The Competition Commission recently found that an enquiry into deceptive marketing practices did not comply with Section 37(2) of the Competition Act, which allows the commission to conduct enquiries only after receiving written complaints from an undertaking or registered association of consumers. As a result, proceedings could not be initiated against the company under investigation.
The Competition Commission recently initiated proceedings against nine animal and livestock feed manufacturers for engaging in deceptive marketing practices under the Competition Act 2010. The commission imposed a penalty of PRs2.7 million on the respondents and ordered them to cease their unauthorised use of the complainant's registered trademark and copycat packaging and file individual compliance reports.
The Competition Commission recently initiated an enquiry into six fruit juice manufacturers for misleading consumers and engaging in deceptive marketing practices under the Competition Act. The enquiry committee concluded that the respondents' marketing of their fruit juice brands to consumers using unjustified claims amounted to the distribution of false and misleading information to the general public, which could harm the business interests of other undertakings in the same industry.
The Competition Commission recently conducted an enquiry and initiated proceedings against Proctor & Gamble Pakistan (Private) Limited following a complaint for deceptive marketing practices filed by Reckitt Benckiser Pakistan Limited. The commission found that the respondent had violated Section 10 of the Competition Act 2010 and imposed a penalty of PRs10 million.
Following a complaint filed by an individual against Kaymu (an online shopping platform) for deceptive marketing practices, the Competition Commission conducted an enquiry and found that Kaymu had been involved in the dissemination of false and misleading information to consumers. These actions had resulted in Kaymu having a competitive advantage over other undertakings in the same line of business, leading to a prima facie violation of the Competition Act.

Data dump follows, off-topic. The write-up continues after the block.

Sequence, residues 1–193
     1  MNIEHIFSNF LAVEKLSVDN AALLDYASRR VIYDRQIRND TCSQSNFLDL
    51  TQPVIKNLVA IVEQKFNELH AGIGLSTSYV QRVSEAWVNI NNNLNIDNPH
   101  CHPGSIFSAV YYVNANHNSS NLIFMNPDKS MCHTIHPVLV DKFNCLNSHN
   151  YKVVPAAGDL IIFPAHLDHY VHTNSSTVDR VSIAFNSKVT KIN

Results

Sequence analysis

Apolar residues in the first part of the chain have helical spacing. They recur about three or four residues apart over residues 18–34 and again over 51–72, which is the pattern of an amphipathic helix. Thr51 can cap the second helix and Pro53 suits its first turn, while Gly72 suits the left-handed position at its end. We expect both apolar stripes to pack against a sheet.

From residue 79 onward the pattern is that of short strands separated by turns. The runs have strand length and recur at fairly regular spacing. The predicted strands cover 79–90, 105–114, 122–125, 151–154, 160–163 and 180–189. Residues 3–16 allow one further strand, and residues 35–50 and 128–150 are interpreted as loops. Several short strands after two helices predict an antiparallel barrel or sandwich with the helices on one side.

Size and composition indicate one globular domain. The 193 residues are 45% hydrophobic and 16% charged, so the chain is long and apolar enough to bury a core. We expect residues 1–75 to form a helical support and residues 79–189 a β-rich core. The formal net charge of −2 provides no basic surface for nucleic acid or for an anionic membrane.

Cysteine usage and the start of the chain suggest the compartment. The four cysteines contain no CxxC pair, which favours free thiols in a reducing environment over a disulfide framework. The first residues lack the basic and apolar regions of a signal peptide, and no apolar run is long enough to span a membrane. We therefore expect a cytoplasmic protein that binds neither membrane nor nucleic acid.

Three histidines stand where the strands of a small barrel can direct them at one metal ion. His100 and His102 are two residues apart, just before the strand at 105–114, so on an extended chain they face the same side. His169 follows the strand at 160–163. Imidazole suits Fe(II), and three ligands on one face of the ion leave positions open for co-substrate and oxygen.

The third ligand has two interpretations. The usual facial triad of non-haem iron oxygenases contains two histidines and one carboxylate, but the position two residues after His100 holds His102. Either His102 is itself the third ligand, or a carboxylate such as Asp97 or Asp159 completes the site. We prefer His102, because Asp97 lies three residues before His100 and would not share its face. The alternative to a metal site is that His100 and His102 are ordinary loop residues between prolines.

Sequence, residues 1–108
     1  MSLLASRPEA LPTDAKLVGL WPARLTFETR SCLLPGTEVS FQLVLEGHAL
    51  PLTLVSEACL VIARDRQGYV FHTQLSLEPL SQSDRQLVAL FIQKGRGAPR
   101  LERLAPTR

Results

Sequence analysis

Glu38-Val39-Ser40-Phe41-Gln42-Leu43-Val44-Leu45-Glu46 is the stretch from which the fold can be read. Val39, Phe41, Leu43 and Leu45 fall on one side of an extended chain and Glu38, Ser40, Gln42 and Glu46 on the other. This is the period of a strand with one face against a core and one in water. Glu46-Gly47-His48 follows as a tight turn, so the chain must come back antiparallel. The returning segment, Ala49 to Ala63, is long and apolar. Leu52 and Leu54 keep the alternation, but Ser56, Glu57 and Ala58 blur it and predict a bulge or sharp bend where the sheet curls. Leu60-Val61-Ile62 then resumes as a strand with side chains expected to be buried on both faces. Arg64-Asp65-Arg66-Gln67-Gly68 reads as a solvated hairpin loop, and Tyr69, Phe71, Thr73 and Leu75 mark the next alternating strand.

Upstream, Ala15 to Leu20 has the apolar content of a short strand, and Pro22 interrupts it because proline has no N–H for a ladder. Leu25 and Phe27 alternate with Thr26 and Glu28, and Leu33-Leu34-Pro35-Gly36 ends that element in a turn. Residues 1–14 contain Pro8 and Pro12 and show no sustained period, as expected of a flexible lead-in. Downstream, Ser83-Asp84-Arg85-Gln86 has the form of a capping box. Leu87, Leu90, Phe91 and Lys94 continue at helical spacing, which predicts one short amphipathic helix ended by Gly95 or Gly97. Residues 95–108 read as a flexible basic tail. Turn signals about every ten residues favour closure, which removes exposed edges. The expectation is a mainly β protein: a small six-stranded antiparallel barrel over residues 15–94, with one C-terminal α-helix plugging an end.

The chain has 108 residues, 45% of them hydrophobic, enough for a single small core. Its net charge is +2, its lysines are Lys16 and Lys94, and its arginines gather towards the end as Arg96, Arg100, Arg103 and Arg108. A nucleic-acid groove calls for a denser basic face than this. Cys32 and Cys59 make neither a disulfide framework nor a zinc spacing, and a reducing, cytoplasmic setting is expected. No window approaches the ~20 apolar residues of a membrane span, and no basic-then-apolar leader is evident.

In a recent case, the appellant challenged the Additional District Court's decision to dismiss a permanent injunction issued against the respondent for its adoption of a mark that was confusingly similar to that of the appellant. The decision reflects that unregistered trademark rights can be protected through a passing-off claim where it can be established that the trademark has gained distinctiveness as a result of its continuous use over time.
An appellant filed an appeal in the High Court challenging a district judge's decision dismissing an application for the grant of a temporary injunction against the respondent's use of a trademark. The appellant had registered a similar mark subject to a disclaimer regarding exclusivity. However, the court found that such a disclaimer limits the extent of the exclusive rights that a registration may provide a rights holder and dismissed the appeal.
IP enforcement agencies recently held a meeting at the Intellectual Property Organisation to discuss how to improve Pakistan's international IP image. At the meeting, certain proactive approaches were adopted, including improving coordination between different government organisations and providing timely IP reports to Pakistan's missions abroad. These measures will allow Pakistan to keep up to date with progress in the protection of IP rights and provide a basis for comparison with other international standards.
When deciding an appeal regarding infringement and passing off of the appellant's mark, the Sindh High Court applied the standard 'moron in a hurry', Lapp and classic trinity tests to determine the get-up and similarity of the marks in question. The high court decided in favour of the appellant and overruled the lower court's decision by disallowing registration of the defendant's competing mark.
A new chapter regarding IP rights enforcement has been added to the Customs Rules 2001. The new chapter provides a mechanism by which rights holders with valid grounds for suspicion that infringing goods are being imported into Pakistan can make an application (in the prescribed format) to the Directorate General of IP Rights when the goods arrive at the notified customs station.